In the African National Congress’ Strategy and Tactics document, the National Democratic Revolution is saddled with the responsibility of unravelling three basic and inter-related contradictions. These are:-
- The reality of South Africa being a nation where the colonised and coloniser shares in the spoils of the country – what is commonly referred to as Colonialism of a Special Type;
- Racial oppression and super class super exploitation; and
- Patriarchal relations of power.
The 46th edition of Umrabulo Journal, themed “The National Question”, applies itself on what the answers to these contradictions might be considering that South Africa is in the midst of its 25th year of democratic governance. Issues explored includes explanation of the historical context of the concept of The National Question, how it must be understood in terms of present day South Africa and whether the ANC, as leader of society, is well-suited to enable South Africa on this course of self-discovery and repositioning.
In ABCs On What The National Question Entails, struggle and ANC veteran, Pallo Jordan provides an insightful description on how the concept of The National Question arose and came to gain prominence from the 19th century to date. Within this context he draws thread to the South African context and meaning. Seitebaleng Dikole’s The National Question As An Issue Of Workers’ and Class Struggle makes the argument that “Marxism remains the best and important doctrine to define society, its institutions and people’s relations within a context of classes, class antagonism as well as class struggle.”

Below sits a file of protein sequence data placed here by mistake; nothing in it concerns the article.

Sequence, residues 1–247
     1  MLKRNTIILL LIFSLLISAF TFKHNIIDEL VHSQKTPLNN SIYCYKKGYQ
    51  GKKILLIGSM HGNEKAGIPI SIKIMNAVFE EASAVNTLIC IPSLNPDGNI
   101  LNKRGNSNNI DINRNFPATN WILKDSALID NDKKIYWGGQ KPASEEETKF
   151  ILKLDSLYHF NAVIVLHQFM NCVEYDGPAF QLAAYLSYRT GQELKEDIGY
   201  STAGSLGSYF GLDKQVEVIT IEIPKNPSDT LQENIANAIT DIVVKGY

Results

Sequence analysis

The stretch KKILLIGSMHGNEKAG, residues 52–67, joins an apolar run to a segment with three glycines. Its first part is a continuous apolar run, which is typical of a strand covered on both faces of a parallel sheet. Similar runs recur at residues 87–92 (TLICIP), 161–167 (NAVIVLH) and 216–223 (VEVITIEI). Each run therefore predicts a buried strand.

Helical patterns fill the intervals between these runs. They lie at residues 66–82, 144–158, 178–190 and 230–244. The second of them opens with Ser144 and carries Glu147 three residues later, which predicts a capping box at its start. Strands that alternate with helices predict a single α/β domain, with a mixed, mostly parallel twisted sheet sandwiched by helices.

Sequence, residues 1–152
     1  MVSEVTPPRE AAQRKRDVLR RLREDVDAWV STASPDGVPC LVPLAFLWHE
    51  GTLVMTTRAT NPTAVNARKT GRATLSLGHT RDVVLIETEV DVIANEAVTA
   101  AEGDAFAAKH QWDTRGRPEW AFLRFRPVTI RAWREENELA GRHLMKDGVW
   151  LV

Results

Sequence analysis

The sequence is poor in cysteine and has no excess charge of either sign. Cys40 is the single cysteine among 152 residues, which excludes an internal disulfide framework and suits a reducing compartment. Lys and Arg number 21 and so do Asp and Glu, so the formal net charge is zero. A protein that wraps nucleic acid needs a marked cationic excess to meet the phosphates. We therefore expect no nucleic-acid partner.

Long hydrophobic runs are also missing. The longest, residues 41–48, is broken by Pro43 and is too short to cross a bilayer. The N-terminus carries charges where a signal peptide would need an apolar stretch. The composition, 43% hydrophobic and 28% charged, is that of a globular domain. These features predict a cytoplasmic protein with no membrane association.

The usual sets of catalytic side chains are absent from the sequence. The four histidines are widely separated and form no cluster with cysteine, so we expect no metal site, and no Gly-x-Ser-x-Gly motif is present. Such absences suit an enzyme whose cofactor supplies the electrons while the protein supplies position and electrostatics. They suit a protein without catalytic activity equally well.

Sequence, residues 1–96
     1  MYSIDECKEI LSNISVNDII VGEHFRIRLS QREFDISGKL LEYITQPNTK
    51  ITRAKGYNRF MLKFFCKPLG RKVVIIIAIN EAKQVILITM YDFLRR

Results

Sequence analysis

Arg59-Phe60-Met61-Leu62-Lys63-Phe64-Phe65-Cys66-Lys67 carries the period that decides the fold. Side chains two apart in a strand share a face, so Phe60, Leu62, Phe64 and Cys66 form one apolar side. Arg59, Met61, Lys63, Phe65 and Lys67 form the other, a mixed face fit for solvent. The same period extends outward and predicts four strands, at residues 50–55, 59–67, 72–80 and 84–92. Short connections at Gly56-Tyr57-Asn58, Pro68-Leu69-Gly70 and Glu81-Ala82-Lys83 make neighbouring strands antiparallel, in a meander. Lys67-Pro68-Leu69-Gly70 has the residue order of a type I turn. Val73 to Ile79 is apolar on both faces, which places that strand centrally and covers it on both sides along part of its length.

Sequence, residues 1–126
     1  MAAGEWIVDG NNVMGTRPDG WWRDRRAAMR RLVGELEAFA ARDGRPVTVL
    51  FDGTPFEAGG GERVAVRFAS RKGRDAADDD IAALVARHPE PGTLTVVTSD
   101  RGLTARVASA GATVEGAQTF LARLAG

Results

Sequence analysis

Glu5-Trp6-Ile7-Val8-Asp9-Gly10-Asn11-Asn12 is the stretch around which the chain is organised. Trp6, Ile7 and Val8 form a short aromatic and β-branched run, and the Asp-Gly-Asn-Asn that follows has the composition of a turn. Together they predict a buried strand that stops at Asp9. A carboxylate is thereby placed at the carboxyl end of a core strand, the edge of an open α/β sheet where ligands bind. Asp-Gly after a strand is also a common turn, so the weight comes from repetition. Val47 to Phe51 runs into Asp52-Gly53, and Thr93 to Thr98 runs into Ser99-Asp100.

Thobani Mzabalazo Matheza’s article titled Issues of Non-Racialism In South African Nationhood dwells into South Africa’s troublesome race issue whilst Sarah Mokwebo poses thought provoking questions about the inevitable, but yet ignored dynamics associated with gender relation in Gender Bias In The Construction Of Nationalism.
Still on the theme of those who tends to be forgotten in dogma around The National Question, in The National Question For The Coloured Community Dr Oscar Van Heerden points at realities for Western Cape’s historical working class communities who are primarily Coloured. Drawing attention to the ethnic conflicts in the Malumela area as a cautionary measure on how best to define The National Question, Ashley Nyiko writes about his impressions in Ethnic Consciousness In The Unresolved National Question.
In Languages As A Driving Force Behind The National Question Siphokazi Mbolo deals with language policies in higher education institutions and the education sector. The essence of her argument is premised on the belief that “the education sector has been influential instruments since colonization. This is because it is one of the primary agents of socialization which influence people’s thoughts, attitudes, and behaviours.”
In Afrikaner Capitalism and its Nationalism Pule Thulo puts a spotlight on how capitalism, underpinned by an anti-African racially skewed and exploitative regime, brewed Afrikaner Nationalism.
With the advancement of a post-Apartheid South Africa came the need to re-examine tenets which drove discourse, strategy and programmatic interventions. What is South Africa’s National Question twenty five years later into a democratic dispensation is one such critical subject needed to be unravelled. You stand invited to engage this 46th edition of Umrabulo as a tool that inspires some thoughts in this regard.